Do you sense something vital missing from you relationship with your spouse, children and God?
Try He Said, She Said: A Devotional Guide to Cultivating a Life of Passion. This compilation of 54 devotions includes scripture verses, space for journaling, individual prayers and words of wisdom from two of today's funniest and insightful Christian authors. This heart-warming collection of stories will inspire you to reach for the true source of joy: a life lived for and through God. These deeply personal devotions offer biblical insights and spiritual truths from the perspective of one man and one woman.
Perfect for your quiet time. No matter if you are newlyweds or newly retired, this book of devotions will help you put the spark back into your love life and explore the precious relationships God desires for you. Begin this new year committed to spending a few moments each day connected to God. He Said, She Said: A Devotional Guide to Cultivating a Life of Passion touches the heart, tickles the funny bone and brings you to your knees in worship.
The concept of He Said, She Said devotions introduces the readers to looking at one scripture, from two perspectives—his and hers. The beauty in this unique type of devotion come when a man reads the perspective of a woman suddenly grasping a new outlook on the scripture; likewise the same for a woman to read the thoughts and views from a man’s perspective. The reader can then mesh the two together for a deeper and more intimate learning experience.
Eddie Jones and Cindy Sproles have captured the essence of scripture through the heart of a man and a woman, addressing the passions of loving your spouse, your children and ultimately loving the Father deeper than ever before.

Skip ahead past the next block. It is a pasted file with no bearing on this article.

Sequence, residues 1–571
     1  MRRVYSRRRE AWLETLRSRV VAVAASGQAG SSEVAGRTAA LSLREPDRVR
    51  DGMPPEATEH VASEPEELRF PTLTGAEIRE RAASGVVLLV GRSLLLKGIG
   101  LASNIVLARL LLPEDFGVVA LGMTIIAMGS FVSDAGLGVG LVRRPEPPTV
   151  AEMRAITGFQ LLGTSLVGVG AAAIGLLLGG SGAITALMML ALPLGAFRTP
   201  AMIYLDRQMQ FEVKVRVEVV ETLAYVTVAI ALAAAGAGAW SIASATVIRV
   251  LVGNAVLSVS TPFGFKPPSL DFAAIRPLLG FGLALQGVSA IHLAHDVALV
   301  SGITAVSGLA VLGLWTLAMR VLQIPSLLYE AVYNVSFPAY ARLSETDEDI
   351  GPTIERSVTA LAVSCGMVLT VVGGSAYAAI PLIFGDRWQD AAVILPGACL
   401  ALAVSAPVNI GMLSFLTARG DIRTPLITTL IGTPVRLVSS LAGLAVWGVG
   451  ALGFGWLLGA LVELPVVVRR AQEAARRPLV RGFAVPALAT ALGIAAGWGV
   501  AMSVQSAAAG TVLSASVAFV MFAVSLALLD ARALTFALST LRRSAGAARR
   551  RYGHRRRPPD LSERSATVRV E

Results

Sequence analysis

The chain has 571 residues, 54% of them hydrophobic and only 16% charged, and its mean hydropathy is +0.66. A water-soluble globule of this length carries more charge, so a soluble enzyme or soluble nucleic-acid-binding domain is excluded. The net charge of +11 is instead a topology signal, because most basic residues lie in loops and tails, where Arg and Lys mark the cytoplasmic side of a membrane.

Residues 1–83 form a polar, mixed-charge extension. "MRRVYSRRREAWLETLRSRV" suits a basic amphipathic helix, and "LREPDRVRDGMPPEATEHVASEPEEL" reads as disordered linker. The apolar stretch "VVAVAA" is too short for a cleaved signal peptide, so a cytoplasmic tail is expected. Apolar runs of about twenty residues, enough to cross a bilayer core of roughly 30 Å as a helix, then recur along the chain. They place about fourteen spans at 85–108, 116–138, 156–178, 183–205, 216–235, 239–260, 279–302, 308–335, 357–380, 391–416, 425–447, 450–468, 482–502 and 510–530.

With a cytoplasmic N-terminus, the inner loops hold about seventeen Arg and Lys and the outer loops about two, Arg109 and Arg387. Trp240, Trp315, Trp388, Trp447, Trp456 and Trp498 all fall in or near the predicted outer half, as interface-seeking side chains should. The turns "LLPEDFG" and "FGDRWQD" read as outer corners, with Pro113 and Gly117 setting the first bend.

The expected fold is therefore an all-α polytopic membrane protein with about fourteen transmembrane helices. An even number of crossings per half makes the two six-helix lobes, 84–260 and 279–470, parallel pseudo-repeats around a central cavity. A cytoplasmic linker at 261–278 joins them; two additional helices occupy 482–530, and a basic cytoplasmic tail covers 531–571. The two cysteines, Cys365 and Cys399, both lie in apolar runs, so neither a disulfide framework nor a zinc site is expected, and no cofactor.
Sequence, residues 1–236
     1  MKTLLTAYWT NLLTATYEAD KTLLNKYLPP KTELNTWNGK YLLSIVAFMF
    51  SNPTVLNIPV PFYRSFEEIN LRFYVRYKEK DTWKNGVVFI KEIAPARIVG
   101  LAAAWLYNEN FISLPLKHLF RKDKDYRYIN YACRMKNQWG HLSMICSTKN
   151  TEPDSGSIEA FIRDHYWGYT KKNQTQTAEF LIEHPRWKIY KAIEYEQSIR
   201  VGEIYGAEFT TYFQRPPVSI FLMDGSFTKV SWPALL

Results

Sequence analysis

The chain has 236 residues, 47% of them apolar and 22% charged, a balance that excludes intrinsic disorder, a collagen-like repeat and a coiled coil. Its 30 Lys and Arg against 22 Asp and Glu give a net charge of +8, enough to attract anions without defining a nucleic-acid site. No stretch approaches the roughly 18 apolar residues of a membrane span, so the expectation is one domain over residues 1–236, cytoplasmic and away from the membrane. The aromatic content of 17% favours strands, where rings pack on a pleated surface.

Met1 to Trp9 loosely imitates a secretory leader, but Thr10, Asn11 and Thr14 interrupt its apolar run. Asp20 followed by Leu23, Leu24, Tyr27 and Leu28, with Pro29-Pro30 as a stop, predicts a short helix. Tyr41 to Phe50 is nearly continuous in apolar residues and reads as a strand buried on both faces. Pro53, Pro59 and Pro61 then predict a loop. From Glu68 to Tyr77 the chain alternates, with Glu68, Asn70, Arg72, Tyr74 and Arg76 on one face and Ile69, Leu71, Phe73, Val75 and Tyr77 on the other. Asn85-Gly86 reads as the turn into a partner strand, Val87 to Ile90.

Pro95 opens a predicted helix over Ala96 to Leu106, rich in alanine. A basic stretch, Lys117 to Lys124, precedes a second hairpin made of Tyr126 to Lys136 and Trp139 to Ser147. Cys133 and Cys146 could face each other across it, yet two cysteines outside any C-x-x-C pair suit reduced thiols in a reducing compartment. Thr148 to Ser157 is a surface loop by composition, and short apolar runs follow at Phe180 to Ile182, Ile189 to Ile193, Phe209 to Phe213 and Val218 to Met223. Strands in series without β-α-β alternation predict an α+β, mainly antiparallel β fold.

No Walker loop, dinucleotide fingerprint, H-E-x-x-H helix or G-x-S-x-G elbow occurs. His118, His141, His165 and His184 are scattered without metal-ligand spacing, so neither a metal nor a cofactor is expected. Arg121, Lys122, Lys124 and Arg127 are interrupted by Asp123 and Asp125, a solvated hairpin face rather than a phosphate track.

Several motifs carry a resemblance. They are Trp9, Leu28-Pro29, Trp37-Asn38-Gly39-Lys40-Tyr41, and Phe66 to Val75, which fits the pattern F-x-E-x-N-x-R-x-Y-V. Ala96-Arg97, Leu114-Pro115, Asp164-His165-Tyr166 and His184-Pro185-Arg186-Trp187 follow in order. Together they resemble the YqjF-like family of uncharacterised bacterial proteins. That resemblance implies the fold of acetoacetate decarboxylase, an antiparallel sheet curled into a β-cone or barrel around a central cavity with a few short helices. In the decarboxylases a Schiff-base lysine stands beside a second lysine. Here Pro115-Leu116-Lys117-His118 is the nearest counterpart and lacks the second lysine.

He Said, She Said: A Devotional Guide to Cultivating a Life of Passion is available on Amazon Kindle, Nook e-reader and in Paperback.
From Gina Holmes, author of Crossing Oceans
Cindy and Eddie are not only good friends of mine, but a regular source of my spiritual renewal. It's a great idea, the he-said/she-said concept and I always enjoy their devotionals. Both are not only grounded spiritually, and super nice people but they both keep me laughing. It's that humor and heart that makes the spiritual more relatable in the most practical sense.
From Ane Mulligan, Editor of Novel Journey
I've know Eddie Jones and Cindy Sproles for a few years. Each has a way of tickling my funny bone, so I wondered what a devotional book by them would be. I can heartily recommend it. The humor is there, but it's coupled with deep truths that go straight to the heart of the problem. You'll find a path that winds closer to God through He Said, She Said.
Please take time to watch our book trailer then pass this along to your friends. Click the link below for Book Trailer: